2. independently identify and pursue research topics in this period of Medieval History, exhibit an understanding for and an engagement with different conceptual approaches for the study of the crusades and Medieval History in general, engage with the relevant scholarship and analyse and contextualise primary source material
  3. demonstrate their skills in group discussion, collaborative exercises and oral presentations and - arrive at independent, well-argued, well-documented and properly referenced conclusions in their coursework essay
  4. demonstrate their skills in group discussion, collaborative exercises and oral presentations
  5. demonstrate their written skills, their analytical and theoretical skills in coursework and their ability to reflect on their reading & research and provide feedback for their peers
Reading List
C. Tyerman, The Crusades: A Very Short Introduction (Oxford, 2005)

R. I. Moore, Formation of a persecuting society: authority and deviance in Western Europe, 950-1250 (Oxford, 1987) electronic resource

J. Riley Smith. 'Crusading as an act of love', History, 65 (1980), 177-92

C. Maier, 'The roles of women in the crusade movement: a survey', Journal of medieval history, 30 (2004)

B. Weiler, 'The Negotium Terrae Sanctae in the political discourse of Latin Christendom, 1215-1311', International history review, 25 (2003)

P. Chevedden, 'The Islamic view and the Christian view of the crusades a new synthesis', History, 92 (2008)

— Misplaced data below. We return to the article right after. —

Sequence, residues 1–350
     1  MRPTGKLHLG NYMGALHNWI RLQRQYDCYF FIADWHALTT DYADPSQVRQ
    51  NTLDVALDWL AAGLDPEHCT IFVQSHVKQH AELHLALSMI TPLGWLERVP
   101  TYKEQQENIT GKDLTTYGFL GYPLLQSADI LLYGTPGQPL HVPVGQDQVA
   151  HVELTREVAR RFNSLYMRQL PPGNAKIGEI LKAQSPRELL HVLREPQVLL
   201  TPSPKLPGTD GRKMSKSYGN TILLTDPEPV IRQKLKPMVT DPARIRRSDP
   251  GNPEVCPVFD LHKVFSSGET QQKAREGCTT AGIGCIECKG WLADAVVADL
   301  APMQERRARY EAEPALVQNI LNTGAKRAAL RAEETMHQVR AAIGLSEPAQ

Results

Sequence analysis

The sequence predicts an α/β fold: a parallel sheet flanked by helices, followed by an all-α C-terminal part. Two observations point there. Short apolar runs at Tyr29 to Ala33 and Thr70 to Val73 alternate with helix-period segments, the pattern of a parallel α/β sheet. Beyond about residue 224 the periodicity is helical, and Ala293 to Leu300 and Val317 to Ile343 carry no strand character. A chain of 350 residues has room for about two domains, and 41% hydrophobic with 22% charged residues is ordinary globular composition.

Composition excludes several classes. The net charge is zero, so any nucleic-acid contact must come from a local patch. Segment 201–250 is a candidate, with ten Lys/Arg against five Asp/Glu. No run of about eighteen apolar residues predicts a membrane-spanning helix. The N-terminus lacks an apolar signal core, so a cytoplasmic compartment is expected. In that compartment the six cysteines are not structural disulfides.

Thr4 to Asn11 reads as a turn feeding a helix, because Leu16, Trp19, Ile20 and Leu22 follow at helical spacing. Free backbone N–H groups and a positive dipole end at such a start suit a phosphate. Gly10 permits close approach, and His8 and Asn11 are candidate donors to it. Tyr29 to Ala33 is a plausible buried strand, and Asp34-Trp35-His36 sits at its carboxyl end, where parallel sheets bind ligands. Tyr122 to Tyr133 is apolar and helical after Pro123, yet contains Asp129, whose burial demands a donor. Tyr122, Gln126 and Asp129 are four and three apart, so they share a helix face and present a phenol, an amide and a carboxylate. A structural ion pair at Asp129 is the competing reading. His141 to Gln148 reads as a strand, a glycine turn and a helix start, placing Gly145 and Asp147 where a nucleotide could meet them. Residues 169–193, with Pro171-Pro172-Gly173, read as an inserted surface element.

G Dickson, 'The flagellants of 1260 and the crusades', Journal of medieval history, 15 (1989), 27-67

L. Ross, 'Frederick II: tyrant or benefactor of the Latin East?', Al-Masaq, 15 (2003)

H. Attiya, 'Knowledge of Arabic in the Crusader States in the twelfth and thirteenth centuries', Journal of medieval history, 25 (1999)

K. Molin, 'The non-military functions of crusader fortifications, 1187- circa 1380', Journal of medieval history, 23 (1997)

H. Takayama, 'Frederick's crusade: an example of Christian-Muslim displomacy', Mediterranean historical review, 25 (2010), 169-85, electronic resource

P. O'Banion, 'What has Iberia to do with Jerusalem? Crusade and the Spanish route to the Holy Land in the twelfth century', Journal of medieval history, 34 (2008)

A. Hoose, 'Francis of Assisi's way of peace? His conversion and mission to Egypt', Catholic historical review, 96 (2010)
Additional Information
Graduate Attributes and Skills The study of the past gives students a unique understanding of the present that will enable them to succeed in a broad range of careers. The transferable skills gained from this course include:
- understanding of complex issues and how to draw valid conclusions from the past
- ability to analyse the origins and development of historiographical debates on early modern Italian history
- a command of bibliographical and library- and/or IT-based online and offline research skills
- a range of skills in reading and textual analysis
- ability to question and problematize evidence; considering the relationship between evidence and interpretation
- understanding ethical dimensions of research and their relevance for human relationships today
- ability to marshal arguments lucidly, coherently and concisely, both orally and in writing
- ability to deliver a paper or a presentation in front of peer audiences
- ability to design and execute pieces of written work and to present them suitably, as evidenced by the final assessment essay of 3,000 words
KeywordsCrusades Euro Med Middle Ages Mediterranean
Course organiserDr Michael Carr
Tel: (0131 6)50 2554
Course secretaryMrs Lindsay Scott
Tel: (0131 6)50 9948